How to Buy Stocks: Explained Simply
I get a lot of questions from my friends and readers of this blog who are new to the investing world about how to buy stocks. There are a few options for buying stocks, but the one I like the best (by far) is using an online discount brokerage. You can go with a full-service brokerage, but they are far more expensive and also quite unnecessary.
Full-service brokers help you choose which stocks to buy and then can also assist you in executing the trades, serving in a kind of advisory role. Online discount brokers allow you to buy stocks but you’ll be entirely on your own in terms of selecting them and executing the trades. With a bit of self-education, it’s actually quite easy to pick and buy your own stocks.
Here’s what you need to do to buy stocks:
Step #1: Sign-up for an Online Brokerage
I use Interactive Brokers because they are cheap, have a massive range of things you can buy and give very detailed performance reports. It’s actually the choice of a lot of professionals. But, going along with that, it’s not exactly user-friendly for the absolute beginner. However, they are more flexible in terms of country of residence/passport holding country requirements, so it’s a good choice for expats looking to invest in the stock market. Their sign-up process is reasonably simple and even though I was living in South Korea (I’m Canadian) at the time, I remember it only taking a week or so.
Sogotrade is a good choice for beginners from the USA because their trading fees are some of the cheapest in the industry and they have an extremely simple trading platform. It’s far simpler to use than Interactive Brokers and even a total beginner can figure it out really easily. Per trade, the fee is $3-5. I used them until they told me they were no longer accepting Canadians who live abroad as their customers!
Questrade is a good option for Canadians looking to buy stocks. It’s quite similar to Sogotrade in terms of cheapness and ease of use. The trades are between $4.95 and $9.95, which is the cheapest you’re going to get if you’re Canadian. They seem to specialize in customers new to investing so expect some excellent customer service and assistance along the way.
Step #2: Fund your Account
Brokerages have various minimums required to begin investing in the stock market, ranging from $1,000-10,000. You just do a wire transfer or direct deposit, which are the two simplest ways to fund your brokerage account. There are other options too, particularly if you’re funding a brokerage account in the country that you reside in. For example, an American using Sogotrade, which is an American company.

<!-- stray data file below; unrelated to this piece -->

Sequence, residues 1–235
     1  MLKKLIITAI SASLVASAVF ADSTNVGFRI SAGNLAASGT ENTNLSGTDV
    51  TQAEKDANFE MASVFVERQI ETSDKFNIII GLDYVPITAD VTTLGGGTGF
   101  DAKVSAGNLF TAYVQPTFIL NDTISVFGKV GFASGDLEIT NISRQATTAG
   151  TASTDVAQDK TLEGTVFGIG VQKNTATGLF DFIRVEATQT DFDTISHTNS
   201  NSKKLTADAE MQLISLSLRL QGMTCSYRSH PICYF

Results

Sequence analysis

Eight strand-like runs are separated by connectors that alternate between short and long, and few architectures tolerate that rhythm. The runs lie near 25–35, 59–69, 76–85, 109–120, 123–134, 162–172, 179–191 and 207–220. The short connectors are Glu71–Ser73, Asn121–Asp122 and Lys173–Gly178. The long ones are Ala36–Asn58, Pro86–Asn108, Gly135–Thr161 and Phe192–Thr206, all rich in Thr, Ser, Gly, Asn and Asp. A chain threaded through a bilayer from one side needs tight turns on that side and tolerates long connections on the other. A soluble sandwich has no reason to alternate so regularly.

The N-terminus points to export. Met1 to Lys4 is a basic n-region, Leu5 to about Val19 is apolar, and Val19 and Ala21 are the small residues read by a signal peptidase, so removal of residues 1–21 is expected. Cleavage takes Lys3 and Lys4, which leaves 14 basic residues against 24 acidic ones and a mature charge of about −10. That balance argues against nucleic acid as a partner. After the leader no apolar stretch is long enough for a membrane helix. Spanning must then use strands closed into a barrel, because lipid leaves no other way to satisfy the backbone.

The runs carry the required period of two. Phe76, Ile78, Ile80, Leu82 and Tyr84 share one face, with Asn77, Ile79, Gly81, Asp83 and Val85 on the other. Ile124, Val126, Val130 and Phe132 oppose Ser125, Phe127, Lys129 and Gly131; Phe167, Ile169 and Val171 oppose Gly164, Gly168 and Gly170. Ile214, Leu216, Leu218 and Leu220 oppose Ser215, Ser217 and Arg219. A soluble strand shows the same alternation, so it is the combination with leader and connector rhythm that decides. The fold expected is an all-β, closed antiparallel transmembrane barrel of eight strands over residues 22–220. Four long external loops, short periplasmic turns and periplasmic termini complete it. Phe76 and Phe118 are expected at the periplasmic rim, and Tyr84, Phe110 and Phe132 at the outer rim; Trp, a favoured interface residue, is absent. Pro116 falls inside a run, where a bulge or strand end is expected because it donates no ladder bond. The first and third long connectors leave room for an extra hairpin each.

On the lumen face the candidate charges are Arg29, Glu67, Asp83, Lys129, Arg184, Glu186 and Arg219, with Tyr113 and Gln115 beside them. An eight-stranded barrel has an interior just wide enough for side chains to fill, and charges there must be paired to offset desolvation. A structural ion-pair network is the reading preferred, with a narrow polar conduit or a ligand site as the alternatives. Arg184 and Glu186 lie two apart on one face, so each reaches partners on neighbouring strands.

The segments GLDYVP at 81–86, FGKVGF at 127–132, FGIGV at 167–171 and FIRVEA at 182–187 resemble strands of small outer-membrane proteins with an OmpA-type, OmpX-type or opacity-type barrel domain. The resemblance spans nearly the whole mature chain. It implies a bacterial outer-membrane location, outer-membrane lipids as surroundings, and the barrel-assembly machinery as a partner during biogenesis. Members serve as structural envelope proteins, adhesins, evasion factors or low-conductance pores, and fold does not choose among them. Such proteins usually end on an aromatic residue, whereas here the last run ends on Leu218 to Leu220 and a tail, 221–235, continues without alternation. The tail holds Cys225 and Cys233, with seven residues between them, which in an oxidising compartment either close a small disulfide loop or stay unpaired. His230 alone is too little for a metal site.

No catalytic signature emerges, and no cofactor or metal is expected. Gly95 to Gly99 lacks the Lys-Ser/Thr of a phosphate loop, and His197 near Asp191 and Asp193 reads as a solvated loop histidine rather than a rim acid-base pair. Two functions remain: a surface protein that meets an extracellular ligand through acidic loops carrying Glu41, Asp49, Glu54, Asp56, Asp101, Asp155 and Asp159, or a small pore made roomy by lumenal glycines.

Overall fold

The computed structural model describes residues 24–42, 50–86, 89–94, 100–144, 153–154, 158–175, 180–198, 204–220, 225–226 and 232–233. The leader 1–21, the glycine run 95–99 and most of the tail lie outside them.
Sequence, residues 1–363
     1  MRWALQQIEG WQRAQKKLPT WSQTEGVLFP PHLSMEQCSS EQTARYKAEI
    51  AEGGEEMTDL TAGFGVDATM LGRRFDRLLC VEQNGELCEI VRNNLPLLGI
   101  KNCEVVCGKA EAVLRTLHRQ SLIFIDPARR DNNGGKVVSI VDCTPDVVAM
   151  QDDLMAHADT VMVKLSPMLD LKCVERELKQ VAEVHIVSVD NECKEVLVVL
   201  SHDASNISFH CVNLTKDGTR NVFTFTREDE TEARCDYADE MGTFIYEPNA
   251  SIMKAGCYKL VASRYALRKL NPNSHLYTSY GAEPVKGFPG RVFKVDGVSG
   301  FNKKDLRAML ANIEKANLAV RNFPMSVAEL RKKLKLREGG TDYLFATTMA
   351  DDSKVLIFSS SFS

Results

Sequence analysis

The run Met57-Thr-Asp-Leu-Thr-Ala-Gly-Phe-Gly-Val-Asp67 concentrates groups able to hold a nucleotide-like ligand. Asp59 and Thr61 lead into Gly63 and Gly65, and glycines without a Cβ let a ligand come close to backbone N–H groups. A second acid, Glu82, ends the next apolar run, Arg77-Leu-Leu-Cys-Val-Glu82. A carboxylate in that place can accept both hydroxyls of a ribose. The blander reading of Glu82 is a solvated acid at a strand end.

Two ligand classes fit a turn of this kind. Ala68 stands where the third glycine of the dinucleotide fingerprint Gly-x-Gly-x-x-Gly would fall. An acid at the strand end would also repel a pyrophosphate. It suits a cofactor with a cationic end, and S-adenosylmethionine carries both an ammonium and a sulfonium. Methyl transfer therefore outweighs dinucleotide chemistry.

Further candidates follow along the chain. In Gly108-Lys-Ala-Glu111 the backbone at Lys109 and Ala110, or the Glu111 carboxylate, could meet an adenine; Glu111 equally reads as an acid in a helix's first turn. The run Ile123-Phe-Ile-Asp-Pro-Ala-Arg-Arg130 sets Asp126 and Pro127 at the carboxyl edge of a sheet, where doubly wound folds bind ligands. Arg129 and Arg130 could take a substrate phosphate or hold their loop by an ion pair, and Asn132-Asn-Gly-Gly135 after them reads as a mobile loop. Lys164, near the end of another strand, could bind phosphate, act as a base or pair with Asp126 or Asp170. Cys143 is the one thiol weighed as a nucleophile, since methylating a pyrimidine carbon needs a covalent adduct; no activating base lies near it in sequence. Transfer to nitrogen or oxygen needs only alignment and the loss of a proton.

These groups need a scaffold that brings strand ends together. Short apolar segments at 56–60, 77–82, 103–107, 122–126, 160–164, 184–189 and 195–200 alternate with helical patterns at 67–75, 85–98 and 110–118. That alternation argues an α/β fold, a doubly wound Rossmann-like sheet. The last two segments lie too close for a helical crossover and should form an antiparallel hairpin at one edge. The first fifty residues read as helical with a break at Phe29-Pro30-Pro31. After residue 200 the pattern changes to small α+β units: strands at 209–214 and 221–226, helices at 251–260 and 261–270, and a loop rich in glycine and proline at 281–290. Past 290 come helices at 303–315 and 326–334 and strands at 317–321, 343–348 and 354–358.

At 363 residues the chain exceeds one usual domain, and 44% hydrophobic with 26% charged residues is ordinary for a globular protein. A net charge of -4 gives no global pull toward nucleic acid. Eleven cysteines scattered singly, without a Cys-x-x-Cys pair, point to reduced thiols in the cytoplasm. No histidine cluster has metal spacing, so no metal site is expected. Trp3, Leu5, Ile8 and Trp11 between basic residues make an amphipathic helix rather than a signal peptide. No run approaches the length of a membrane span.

Step #3: Do some Research, then do some More!
Ideally, you would have already spent at least one hundred hours researching about investing before you get to this step. It really is important to put the time in to understand the basic investment strategies (I use dividend paying stocks, but also love ETF investing) as well as key concepts like:
- Managing fear and greed
- What to do when the stock market crashes
- Trading vs. investing
- The Rule of 72
- The 4% rule
The more knowledge you have about investing before you begin executing your trades, the better off you’ll be.
Step #4: Buy Stocks Online
The final step after opening your account, funding it and figuring out your investing strategy is to actually buy stocks.
I use GTC (good to cancel) limit orders, instead of market orders. With a market order, you just buy whatever amount of stock you’ve asked for at the “market” price. The market price is what the stock is currently trading at, of after hours, what is starts trading at the next day. With a limit order, you set a certain price that you want to buy at and if it hits that price, or lower, you’ll buy. If not, the order just continues until you cancel it, or it reaches the price you set and gets filled.
Patience is the key here! Stock prices will eventually go down and a big part of getting a good overall return is buying stocks when the prices are low (generally thought to be when P/E ratios are less than 15). When stocks prices are rising and everyone is buying, you shouldn’t be. When stock prices are falling and everyone is selling, you should be buying. The best strategy is to now follow the herd and to actually do the opposite of what they’re doing.
Sounds simple? The actual process of buying stocks is quite simple. It’s making money that’s the far harder thing!